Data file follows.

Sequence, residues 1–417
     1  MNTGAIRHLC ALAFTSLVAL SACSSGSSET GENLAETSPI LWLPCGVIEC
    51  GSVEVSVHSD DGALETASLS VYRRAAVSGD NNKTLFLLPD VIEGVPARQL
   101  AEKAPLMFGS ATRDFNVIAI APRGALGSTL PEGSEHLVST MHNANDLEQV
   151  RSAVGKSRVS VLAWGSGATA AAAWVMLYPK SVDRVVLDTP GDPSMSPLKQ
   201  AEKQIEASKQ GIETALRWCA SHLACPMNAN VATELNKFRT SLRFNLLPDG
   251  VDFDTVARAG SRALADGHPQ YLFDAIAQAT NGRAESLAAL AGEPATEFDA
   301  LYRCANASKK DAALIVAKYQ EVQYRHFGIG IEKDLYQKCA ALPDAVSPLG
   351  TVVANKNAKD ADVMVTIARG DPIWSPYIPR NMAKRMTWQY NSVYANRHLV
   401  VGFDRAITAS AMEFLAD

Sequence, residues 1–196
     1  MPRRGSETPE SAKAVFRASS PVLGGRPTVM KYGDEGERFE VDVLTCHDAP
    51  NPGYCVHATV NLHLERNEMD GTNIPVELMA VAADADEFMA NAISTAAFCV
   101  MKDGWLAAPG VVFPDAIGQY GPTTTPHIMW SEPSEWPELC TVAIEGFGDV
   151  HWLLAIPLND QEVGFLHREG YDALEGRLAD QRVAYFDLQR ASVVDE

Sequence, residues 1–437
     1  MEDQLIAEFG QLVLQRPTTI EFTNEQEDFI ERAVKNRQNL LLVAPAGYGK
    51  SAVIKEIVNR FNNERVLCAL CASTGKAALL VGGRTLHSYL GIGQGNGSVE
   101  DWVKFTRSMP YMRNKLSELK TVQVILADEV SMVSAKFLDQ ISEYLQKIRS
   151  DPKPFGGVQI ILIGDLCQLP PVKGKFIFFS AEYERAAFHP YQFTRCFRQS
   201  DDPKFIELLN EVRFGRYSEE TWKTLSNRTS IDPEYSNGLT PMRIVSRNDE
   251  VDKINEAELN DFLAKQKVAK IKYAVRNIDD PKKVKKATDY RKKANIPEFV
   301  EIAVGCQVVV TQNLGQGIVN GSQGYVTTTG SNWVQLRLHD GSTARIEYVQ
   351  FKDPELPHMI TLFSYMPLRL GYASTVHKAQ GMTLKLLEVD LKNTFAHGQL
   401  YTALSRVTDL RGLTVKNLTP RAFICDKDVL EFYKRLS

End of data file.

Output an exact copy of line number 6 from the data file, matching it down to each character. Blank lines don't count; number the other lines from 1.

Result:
   201  AEKQIEASKQ GIETALRWCA SHLACPMNAN VATELNKFRT SLRFNLLPDG